And Richard Nixon held on to the presidency for as long as he could. When he realized that impeachment was inevitable, he chose the more honorable route of resigning rather than putting the country (and himself) through charges and a trial. He agonized over the decision, and in the end his brief note belies none of the emotion of it.

Touching these documents, knowing that the hands of the authors had once touched them, sent a figurative electric shock through me. For just a moment, I was connected to these giants of industry and politics.

Can the same be said of texts, tweets or emails?

We're instantaneously connected around the world, touching people whom we would have never known about, much less met years ago.

But today, our connections are loose ones. We communicate in bits and bytes, electrons and ephemerons, dependent on energy and ethernets.

We can respond with a heart, a thumbs-up, or a smiley, but are we that touched by electronic communications, dashed off in an instant? And do those emoji really hold the same depth of emotion that we feel when we read and touch paper correspondence?

Above all else, great leaders understand the power of personal communication and know how  attention at the individual level creates a sense of connection — and more importantly, a sense of loyalty.


I'll be writing more about three leaders like this in Friday's subscriber-only edition. For another dose of Timeless & Timely, please be sure to sign up.

For the moment, I'd like to reflect on the future of mailed correspondence. Specifically on the fate of the U.S. Postal Service.

You're probably aware of the unofficial motto of the Postal Service, which is inscribed on the General Post Office building in New York City, as built by McKim, Mead and White:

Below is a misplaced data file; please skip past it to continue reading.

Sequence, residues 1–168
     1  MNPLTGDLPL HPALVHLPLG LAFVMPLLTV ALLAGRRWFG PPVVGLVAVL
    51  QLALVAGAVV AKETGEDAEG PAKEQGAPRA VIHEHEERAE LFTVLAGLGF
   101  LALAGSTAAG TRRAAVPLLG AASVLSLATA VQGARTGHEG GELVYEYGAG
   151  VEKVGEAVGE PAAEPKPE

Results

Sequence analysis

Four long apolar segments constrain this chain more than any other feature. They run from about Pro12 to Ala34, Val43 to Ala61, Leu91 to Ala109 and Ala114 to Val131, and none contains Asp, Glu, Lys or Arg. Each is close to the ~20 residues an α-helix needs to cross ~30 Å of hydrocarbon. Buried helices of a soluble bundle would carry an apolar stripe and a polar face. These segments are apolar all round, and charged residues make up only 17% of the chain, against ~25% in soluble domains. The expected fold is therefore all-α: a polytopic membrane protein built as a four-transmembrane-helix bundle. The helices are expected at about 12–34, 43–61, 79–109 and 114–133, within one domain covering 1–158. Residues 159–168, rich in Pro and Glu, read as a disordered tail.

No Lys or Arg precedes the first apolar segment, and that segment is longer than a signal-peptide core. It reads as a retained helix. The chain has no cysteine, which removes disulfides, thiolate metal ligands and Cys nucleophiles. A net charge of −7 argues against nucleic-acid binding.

"Neither snow, nor rain, nor heat, nor night stays these couriers from the swift completion of their appointed rounds." — Herodotus, 440 B.C.


This is not an exact quote, but a paraphrasing of an excerpt from The Histories, in which Herodotus described the messenger system that the Persians had perfected:

"Nothing mortal travels so fast as these Persian messengers. The entire plan is a Persian invention…Along the whole line of road there are men stationed with horses, in number equal to the number of days which the journey takes, allowing a man and horse to each day; and these men will not be hindered from accomplishing at their best speed the distance which they have to go, either by snow, or rain, or heat, or by the darkness of night. The first delivers his dispatch to the second, and the second passes it to the third; and so it is borne from hand to hand along the whole line, like the light in the torch-race, which the Greeks celebrate to Vulcan. The Persians give the riding post in this manner, the name of Angarum."